Ensuring safe drinking water with the Public Health Act 2010 and Public Health Regulation 2012
The Public Health Act 2010 and the Public Health Regulation 2012 require drinking water suppliers to have and comply with a ‘quality assurance program’ (or drinking water management system). This requirement applies to water suppliers defined in the Act, including water utilities, private water suppliers and water carters. Major water utilities, such as Hunter Water Corporation, Sydney Catchment Authority and Sydney Water Corporation, already have risk-based drinking water management systems as a requirement of their operating licences.
What is a drinking water management system (DWMS)?
A DWMS consists of documents, procedures and other supporting information for the safe supply of drinking water. The DWMS must address the elements of the Framework for Management of Drinking Water Quality (Australian Drinking Water Guidelines) relevant to the operations of the supplier. At the heart of the Framework are Critical Control Points (CCPs). A CCP is an activity, procedure or process that is critical to control a water quality hazard (for example chlorination and filtration/particle removal).
What are the steps in developing a drinking water management system (DWMS)?
- identify personnel to participate (including Public Health Unit and Department of Industry (DoI) Water)
- document current practice that aligns with DWMS requirements and identify any gaps
- hold a risk assessment workshop
- develop operational procedures for CCPs, prioritise the improvements and actions
- undertake immediate improvements and actions, implement the DWMS
- submit DWMS document to Public Health Unit for review
- review and continuous improvement (regularly review to ensure the DWMS is current and effective).
NSW Health recommends the use of an external facilitator for the risk assessment workshop. The Regulation requires a water supplier to provide its most recent DWMS to NSW Health. The Public Health Unit will review the DWMS in consultation with NSW Office of DoI Water and note any areas for improvement in future revisions. Any critical matters must be addressed immediately.
What if a water utility already has a DWMS?
Existing DWMS (such as Hazard Analysis and Critical Control Point plans) should be submitted to the Public Health Unit to be reviewed for consistency with the NSW guidance.
DWMS review and audit
Evaluation and audit of how drinking water quality is being managed is an element of the Framework. Water utilities shoud plan for external review or audit to demonstrate how they satisfy requirements of the Public Health Act 2010 and Public Health Regulation 2012. Regardless of the audits commissioned by the water utility, NSW Health has the authority to commission a comprehensive review of utilites’ DWMS.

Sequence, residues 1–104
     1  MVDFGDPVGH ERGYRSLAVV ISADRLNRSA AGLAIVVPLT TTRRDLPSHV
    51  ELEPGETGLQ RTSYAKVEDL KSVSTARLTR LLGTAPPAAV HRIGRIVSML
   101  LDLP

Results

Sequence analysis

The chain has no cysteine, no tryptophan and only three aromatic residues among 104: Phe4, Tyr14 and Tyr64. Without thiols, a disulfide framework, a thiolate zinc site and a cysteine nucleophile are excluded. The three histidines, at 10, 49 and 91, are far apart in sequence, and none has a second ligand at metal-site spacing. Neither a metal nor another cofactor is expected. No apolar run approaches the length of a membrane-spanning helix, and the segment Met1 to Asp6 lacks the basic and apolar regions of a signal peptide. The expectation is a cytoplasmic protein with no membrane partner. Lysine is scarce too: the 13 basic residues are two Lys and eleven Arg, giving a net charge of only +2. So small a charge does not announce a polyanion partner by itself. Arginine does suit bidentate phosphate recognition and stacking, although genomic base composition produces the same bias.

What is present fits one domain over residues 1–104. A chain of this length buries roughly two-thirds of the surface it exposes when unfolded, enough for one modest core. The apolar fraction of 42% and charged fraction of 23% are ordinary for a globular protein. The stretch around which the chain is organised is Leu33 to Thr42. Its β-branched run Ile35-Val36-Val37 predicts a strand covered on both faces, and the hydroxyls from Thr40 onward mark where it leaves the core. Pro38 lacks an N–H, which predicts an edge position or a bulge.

||At least annually
||Consult with PHU|
||Water utility or NSW Health|
||NSW Health approved auditor/reviewer|
- Implementation of management system
- Risks effectively addressed
- CCP performance
- Response to exceptions
- Progress on actions and improvements
|Determine in consultation with PHU but will include all items from internal review|
The DWMS must be reviewed by the water utility at least annually to ensure that it is being properly implemented and risks are effectively addressed. DWMS must be kept current.
The internal review should consider critical control point (CCP) performance, response to exceptions, and progress on actions and improvements.
A brief annual review report should be provided to the local Public Health Unit (PHU). The DWMS should also be provided if any changes were made. CCP data monitoring and annual report templates have been developed to provide utilities with tools to report and review DWMS implementation. Water utilities may use the template options available below or develop their own format. Water utilities can contact their local PHU for assistance in using the templates.
Water utilities should consult with their local PHU to develop an external review/audit frequency. Some utilities have effectively had an audit of their DWMS with recent support projects and therefore may not require an audit in the near future.
Key areas for inclusion in the audit scope include:
- effectiveness of DWMS implementation
- CCP performance, including record keeping and response to exceptions
- adequacy of Standard Operating Procedures (SOPs)
- progress on actions and opportunities for improvement
- any changes to the DWMS that should be submitted to NSW Health
- incident management procedures
- training, mentoring and support for staff to familiarise them with SOPs and CCPs
The water utility should discuss the scope of the review or audit with their local PHU. The NSW Guidelines for Drinking Water Management Systems provides the basis for a comprehensive audit of the elements of the Framework.
The review/audit report should:
- consider all relevant records including DoI Water and PHU inspections or reports
- focus on identifying opportunities for improvement, rather than adopting a pass/fail approach
- provide clear and specific recommendations to improve drinking water risk management
- prioritise recommendations in order of risk
The audit must be carried out by an independent reviewer or auditor approved by NSW Health. NSW Health approves the use of drinking water quality auditors on the IPART Audit Panel for this purpose. The link to the Panel is included under ‘more information’. Auditors are not limited to this Panel.
NSW Health will consider requests for the external review/audit to be conducted by a suitably qualified peer (for example, an engineer from another utility who is familiar with the Framework). Water utilities should consult their local PHU for advice on peer review.
For more information